Your cardholders are worried about fraud. Are you doing enough?
by John Winstel
Card fraud is growing at a record pace, and your cardholders are concerned. According to a recent Vantiv/Socratic Technologies study, 48 percent of consumers have experienced card fraud. In addition, an Aite Group study found that nearly half of consumers claimed an identity theft experience caused them to switch their financial institution.
What can your FI do to ease your cardholders’ minds?
Educating your cardholders on how they can help protect themselves from fraud is one way to help. By providing simple, practical solutions, you will put control back in their hands, and deputize them as members of your fraud security team.
Try sprinkling a few of these fraud-prevention tips in with your regular cardholder communications:
- Review your card and bank account statements regularly. Don’t wait until the end of the month to check your statements for unusual activity. Log in at least weekly to your accounts to verify your transactions.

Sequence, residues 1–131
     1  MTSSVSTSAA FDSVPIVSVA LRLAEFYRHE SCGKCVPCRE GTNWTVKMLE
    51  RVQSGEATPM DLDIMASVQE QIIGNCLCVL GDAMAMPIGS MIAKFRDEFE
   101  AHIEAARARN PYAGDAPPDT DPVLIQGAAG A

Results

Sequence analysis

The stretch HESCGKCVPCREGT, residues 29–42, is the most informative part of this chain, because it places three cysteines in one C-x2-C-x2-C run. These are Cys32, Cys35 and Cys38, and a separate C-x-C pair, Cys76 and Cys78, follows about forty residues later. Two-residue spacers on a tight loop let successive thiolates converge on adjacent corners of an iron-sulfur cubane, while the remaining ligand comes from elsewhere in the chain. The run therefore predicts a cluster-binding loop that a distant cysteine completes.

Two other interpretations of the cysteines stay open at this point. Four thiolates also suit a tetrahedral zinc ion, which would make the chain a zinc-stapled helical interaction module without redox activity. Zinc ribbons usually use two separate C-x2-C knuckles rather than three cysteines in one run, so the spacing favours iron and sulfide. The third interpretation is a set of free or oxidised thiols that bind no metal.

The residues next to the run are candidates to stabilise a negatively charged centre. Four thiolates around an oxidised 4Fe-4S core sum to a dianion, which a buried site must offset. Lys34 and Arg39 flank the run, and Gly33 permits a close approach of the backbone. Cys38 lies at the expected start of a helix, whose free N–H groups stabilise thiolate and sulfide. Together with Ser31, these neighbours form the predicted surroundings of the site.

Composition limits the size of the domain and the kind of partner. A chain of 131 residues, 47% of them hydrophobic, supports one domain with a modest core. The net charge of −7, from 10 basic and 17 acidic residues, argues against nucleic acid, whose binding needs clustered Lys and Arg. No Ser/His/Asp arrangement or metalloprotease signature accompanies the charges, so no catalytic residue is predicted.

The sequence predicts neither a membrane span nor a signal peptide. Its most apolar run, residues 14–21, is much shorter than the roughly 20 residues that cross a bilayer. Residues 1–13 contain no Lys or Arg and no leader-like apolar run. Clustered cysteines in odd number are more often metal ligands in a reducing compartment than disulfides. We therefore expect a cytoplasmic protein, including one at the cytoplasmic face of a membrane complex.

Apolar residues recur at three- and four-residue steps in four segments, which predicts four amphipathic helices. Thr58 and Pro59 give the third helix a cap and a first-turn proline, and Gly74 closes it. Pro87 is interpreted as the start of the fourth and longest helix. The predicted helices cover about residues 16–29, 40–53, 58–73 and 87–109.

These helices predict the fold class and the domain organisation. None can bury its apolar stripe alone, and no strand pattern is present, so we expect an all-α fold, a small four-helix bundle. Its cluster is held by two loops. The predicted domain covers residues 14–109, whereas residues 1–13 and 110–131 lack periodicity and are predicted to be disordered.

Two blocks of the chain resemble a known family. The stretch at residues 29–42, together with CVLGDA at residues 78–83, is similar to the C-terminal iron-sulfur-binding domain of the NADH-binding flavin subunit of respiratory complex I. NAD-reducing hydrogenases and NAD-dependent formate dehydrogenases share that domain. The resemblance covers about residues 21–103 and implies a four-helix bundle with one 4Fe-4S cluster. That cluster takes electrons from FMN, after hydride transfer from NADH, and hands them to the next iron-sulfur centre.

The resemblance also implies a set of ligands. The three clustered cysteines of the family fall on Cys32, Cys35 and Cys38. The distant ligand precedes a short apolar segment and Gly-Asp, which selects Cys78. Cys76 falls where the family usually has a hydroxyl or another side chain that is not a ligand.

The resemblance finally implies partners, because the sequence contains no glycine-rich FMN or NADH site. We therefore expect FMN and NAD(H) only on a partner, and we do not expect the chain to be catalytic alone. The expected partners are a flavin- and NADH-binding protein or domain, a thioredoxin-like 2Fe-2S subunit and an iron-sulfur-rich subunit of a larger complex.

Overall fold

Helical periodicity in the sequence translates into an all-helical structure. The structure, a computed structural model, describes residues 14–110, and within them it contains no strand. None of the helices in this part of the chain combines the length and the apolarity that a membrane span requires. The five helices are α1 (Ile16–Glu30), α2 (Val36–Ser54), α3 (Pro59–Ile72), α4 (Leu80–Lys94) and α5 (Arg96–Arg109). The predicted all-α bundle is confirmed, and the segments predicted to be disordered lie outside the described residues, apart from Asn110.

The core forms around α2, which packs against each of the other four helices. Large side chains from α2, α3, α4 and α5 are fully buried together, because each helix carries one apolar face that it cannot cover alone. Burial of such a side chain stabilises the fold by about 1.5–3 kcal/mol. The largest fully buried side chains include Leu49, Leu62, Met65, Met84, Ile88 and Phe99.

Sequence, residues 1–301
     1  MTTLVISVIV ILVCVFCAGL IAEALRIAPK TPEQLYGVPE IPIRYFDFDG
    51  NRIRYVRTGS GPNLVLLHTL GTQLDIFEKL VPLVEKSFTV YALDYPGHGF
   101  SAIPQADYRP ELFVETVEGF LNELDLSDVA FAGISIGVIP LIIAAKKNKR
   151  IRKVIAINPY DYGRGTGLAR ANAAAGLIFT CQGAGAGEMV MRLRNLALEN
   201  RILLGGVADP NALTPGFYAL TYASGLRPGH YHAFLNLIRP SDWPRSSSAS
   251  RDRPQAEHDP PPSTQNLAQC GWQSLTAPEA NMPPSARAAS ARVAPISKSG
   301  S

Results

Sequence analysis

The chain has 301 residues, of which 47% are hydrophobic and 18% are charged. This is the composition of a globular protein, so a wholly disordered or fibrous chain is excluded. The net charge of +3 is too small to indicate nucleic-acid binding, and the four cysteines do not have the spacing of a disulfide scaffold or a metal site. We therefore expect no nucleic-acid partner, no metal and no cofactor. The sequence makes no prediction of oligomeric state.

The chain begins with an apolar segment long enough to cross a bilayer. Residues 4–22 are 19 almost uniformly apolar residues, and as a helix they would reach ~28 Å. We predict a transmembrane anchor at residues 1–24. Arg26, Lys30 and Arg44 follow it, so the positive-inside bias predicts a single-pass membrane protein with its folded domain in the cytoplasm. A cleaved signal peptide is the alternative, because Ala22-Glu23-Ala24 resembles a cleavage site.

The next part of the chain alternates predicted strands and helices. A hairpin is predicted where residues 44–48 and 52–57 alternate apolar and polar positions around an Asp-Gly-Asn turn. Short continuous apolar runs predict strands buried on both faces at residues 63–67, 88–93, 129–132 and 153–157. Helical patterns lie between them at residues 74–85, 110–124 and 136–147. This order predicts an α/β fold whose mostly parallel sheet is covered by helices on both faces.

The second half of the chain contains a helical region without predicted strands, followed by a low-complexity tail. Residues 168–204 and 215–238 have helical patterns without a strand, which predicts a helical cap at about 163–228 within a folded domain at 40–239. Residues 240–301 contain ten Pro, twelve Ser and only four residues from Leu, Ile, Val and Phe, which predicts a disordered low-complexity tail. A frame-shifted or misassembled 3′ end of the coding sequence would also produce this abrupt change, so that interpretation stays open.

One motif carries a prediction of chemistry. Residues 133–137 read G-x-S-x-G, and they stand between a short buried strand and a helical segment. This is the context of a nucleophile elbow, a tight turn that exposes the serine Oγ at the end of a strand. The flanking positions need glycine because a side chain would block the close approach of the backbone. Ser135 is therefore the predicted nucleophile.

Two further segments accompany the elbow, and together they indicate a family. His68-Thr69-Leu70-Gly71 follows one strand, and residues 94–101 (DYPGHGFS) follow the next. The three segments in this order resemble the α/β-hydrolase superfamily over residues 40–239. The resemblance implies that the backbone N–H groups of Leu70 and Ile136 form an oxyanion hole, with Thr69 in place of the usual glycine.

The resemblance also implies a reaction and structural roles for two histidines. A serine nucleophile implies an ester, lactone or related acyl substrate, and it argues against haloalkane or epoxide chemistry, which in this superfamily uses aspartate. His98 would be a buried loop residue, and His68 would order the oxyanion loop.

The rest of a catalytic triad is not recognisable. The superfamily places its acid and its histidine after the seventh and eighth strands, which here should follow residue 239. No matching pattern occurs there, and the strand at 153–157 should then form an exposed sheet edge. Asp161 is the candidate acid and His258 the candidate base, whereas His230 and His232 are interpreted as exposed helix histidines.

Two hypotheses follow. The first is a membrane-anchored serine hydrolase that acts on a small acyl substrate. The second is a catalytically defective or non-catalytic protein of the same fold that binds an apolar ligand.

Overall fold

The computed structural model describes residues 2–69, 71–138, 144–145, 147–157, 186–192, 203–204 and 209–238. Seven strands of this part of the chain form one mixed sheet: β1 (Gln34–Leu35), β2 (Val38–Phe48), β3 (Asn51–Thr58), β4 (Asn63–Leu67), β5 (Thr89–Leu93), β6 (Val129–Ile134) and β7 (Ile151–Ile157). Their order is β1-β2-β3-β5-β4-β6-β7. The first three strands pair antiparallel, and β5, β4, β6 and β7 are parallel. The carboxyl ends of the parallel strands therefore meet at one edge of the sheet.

- Shred all sensitive documents. Get in the habit of shredding your banking and card statements, insurance binders, and unsolicited loan offers. Better yet, switch to e-statements to eliminate wasteful and unsecure paper documents and discourage dumpster-divers.
- Tread carefully with public Wi-Fi. Not all Internet access is created equal. Public Wi-Fi networks, such as those found in coffee shops and restaurants are notoriously unsecure. In fact, according to Kaspersky Lab, 39 percent of public Wi-Fi networks in the U.S. are unsecured. Never access confidential financial or other password-protected sites over open networks.
- Watch out for ATM card skimming devices. ATM skimming devices designed to scrape personal and account information off card magnetic stripes have been around for decades. Now, fraudsters are deploying a newer technique known as “shimming” to attack EMV chip-enabled cards. Cardholders should check all ATMs and point-of-sale readers for such devices prior to use.
- Password-protect your smartphone. If a phone is lost or stolen, a complex password may be the cardholder’s last line of defense against handing over a treasure trove of personal and financial data to a fraudster. Password protection is especially critical when travelling domestically or overseas.
A strong educational offense may be your FI’s best defense against card fraud. And it will help your cardholders sleep better at night.